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Leave Your Past Hurts Behind and Become a Better You

by Mary DeMuth

honestly

October 5, 2013

Leave Your Past Hurts Behind and Become a Better You

Live UnCaged

As a new mom, I wrestled with my past. I came from a home I didn’t want to duplicate and worried constantly that I’d rehash what happened back then. I’d watch my children sleep, fretting that I’d ruin them, all the while haunted by voices telling me I’d never be a good mother.

When my past started creeping into my parenting, I panicked. I had a tendency to emotionally abandon my kids when they cried, something I learned in my home growing up. I was a mess! But my husband, Patrick, gave me a perfect illustration that helped me picture how I’d become.

“You’re standing on a high dive,” he told me. “The kids and I are splashing below, asking you to jump in and join us. But you pace and fret. And eventually you walk down the ladder and sit on the pool’s edge, never getting in.”

That scared me. I realized I couldn’t “fake” connection. I couldn’t paste on a smile and pretend that everything was fine when my insides crumbled. So I chose to walk through more healing. Here are four things I learned that may help you as you work to leave your past hurts behind so you can become a better you and live joyfully in the now.

Decide to change (for your kids’ sake). Like me, you may think that you’ve taken care of the past. Sure, you may spew things your parent used to spew, but doesn’t everyone? And that painful relationship from years ago really doesn’t influence how you love your kids, right?

Your first step toward wholeness is to acknowledge that the pain from the past does affect you today. To heal, you need to recognize the injury and make a pointed decision to choose healing. If you feel it’s selfish to tackle your own healing, then let your kids become the motivation for you to work toward a more joyful perspective. Great parenting flows from a healed, settled, freed heart. The more you choose to work on that part of yourself, the better parent you’ll become.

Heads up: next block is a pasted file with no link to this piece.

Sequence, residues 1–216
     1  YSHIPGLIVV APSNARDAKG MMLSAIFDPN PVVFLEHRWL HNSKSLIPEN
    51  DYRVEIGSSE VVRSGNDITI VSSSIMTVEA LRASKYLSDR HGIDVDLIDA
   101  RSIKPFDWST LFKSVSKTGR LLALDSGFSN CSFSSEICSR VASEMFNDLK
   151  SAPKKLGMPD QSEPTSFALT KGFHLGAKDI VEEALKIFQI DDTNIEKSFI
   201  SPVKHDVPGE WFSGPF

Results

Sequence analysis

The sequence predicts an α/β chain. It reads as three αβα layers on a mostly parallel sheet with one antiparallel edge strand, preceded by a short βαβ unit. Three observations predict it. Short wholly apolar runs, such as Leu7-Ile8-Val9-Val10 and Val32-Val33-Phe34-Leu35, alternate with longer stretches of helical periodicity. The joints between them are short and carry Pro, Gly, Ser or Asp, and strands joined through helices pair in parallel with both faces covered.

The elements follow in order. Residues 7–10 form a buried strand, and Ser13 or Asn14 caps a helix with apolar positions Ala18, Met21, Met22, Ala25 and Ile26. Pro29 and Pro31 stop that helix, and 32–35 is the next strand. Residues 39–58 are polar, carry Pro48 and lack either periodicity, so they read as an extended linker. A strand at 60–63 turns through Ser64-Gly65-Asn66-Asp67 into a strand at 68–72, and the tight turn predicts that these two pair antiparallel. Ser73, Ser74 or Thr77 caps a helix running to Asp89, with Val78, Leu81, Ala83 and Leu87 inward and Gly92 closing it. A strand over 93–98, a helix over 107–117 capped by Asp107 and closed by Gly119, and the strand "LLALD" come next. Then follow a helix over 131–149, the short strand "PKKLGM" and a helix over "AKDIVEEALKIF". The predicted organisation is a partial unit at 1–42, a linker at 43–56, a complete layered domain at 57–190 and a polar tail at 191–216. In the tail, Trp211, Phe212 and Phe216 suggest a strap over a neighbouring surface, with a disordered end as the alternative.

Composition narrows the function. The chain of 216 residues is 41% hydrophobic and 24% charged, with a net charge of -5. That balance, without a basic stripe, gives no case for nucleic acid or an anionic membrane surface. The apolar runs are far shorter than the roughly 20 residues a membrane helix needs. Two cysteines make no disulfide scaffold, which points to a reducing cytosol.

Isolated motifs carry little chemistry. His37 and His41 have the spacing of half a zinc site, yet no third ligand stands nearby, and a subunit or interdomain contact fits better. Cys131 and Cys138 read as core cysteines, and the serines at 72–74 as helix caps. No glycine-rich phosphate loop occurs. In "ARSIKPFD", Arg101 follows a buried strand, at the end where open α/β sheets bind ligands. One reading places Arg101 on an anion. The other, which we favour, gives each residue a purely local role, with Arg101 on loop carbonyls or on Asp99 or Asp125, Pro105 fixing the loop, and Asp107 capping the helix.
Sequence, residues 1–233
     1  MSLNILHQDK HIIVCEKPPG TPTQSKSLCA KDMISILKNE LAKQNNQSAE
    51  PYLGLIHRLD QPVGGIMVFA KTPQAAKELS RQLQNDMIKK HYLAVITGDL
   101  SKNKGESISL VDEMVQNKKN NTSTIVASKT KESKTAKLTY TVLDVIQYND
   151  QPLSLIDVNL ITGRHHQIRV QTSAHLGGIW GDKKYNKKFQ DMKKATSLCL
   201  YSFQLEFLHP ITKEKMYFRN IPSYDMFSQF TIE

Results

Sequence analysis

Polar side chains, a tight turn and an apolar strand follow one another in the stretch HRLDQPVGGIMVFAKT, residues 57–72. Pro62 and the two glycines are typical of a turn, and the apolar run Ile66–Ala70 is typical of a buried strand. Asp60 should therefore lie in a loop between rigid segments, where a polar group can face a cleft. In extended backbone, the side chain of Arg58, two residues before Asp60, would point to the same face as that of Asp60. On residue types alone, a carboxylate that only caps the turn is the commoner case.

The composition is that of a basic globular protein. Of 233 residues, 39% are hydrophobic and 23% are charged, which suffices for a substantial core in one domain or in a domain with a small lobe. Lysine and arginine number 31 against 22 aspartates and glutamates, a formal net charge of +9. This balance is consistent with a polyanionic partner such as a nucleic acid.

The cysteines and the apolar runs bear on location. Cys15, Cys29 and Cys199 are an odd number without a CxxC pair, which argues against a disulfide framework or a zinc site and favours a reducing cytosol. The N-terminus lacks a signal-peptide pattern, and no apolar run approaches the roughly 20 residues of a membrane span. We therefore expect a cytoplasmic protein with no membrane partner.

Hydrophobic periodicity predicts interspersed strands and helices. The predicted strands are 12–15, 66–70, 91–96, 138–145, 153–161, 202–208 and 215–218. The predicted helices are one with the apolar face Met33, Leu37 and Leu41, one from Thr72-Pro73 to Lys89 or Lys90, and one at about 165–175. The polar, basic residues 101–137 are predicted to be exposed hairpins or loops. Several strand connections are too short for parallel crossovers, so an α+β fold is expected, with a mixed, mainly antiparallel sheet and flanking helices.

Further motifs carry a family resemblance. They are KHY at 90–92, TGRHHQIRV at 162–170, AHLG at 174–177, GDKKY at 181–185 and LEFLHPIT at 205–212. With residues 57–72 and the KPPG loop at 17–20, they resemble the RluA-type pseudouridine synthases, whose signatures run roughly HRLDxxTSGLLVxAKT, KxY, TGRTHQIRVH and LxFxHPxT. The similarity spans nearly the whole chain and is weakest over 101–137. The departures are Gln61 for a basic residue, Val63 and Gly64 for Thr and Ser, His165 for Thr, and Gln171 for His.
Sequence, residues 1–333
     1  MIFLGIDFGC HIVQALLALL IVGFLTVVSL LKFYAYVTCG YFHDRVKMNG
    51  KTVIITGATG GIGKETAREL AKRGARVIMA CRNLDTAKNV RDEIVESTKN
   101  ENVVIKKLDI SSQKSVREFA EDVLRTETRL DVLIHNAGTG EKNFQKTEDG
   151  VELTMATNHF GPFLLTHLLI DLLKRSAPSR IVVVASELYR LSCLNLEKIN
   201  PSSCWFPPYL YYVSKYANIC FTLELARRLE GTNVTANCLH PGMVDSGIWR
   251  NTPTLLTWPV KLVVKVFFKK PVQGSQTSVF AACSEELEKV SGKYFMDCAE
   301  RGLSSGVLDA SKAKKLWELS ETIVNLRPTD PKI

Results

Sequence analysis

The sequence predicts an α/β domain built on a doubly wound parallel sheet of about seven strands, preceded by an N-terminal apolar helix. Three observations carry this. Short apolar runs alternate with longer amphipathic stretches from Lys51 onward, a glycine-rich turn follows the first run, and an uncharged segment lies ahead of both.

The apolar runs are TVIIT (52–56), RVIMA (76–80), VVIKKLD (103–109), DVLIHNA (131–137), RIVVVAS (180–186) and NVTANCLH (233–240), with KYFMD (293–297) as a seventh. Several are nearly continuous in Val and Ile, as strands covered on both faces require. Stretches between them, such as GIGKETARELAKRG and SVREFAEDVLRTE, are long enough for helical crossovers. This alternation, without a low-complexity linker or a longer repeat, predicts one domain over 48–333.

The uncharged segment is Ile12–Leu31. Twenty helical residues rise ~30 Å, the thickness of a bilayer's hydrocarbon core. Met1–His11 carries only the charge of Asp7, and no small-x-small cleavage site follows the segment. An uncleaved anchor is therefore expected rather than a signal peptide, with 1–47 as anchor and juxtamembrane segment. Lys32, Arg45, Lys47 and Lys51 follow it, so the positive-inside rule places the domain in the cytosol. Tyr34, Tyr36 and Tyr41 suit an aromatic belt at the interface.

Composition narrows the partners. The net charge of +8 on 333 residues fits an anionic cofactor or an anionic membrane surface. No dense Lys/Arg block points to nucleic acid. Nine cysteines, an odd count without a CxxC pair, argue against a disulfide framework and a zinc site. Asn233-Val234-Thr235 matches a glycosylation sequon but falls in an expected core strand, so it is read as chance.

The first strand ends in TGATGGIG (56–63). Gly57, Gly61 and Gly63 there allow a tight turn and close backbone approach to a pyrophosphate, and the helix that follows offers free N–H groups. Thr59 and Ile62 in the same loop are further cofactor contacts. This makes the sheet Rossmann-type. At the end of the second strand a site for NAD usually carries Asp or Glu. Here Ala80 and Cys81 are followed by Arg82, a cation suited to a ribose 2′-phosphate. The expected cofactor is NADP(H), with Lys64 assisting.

Choose how to change. It’s not that we forget what injured us. But we can heal and grow beyond it.

Remember that healing takes a lifetime. It’s maddeningly gradual and sometimes discouraging. When we let others and God into our vulnerable places, they can care for us and help usher in healthy changes.

Move from pessimism to optimism. We sometimes define ourselves by our past and make statements about our worth based on what happened last year, or in the last decade or in our childhood. Things such as, “I am not worthy of attention,” or “I couldn’t hold my parents’ marriage together” or “I am a sexual abuse victim.”

As a healthy exercise, take some of those messages you’ve believed and turn them around. For example, “My parents may have made mistakes, but that does not change my identity.” See how this statement turns around the first statement?

Settle your mind. Many of us are harassed by angry voices in our head. They tell us that we’re bad mothers, we’ll never amount to much, that nothing we do is significant. They’ll list our failures, never our achievements. These thoughts most likely originated from sometime in our past, and they don’t represent the truth.

Next time you hear those awful voices, reply with this: “No, that is not the truth. I am wildly loved by God. I was created on purpose."

Steps Toward Healing
1. Acknowledge what happened. Hidden secrets never heal.
2. Share your story with a trusted friend.
3. Grieve. It’s OK to say what happened back then hurts. If you don’t grieve now, you’ll have to revisit the grief again.
4. Ask others to talk or help or pray for you if you get stuck.
5. Consider counseling.
6. Journal your journey.
7. Seek a mentor in someone who’s experienced the same kind of pain you’ve been through.
8. Let go of your status as a victim. Staying in that place will forever tether you to the past. You’re no longer a victim. You’re an overcomer.
9. Find reassuring words that relate to your struggle. Write it down. Put it on your mirror, in your car, wherever you frequent. Memorize them.
10. Move beyond your pain to help someone else.

Mary DeMuth is the author of 13 books, including Live UnCaged, a free ebook detailed the process of healing. She teaches around the country and blogs extensively with the goal of helping people live uncaged lives. Find out more at LiveUncaged.com.

Related topics: identity, fear, family

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Great article! There are a few things of my past that I would like to leave behind. Thank you for the tips.

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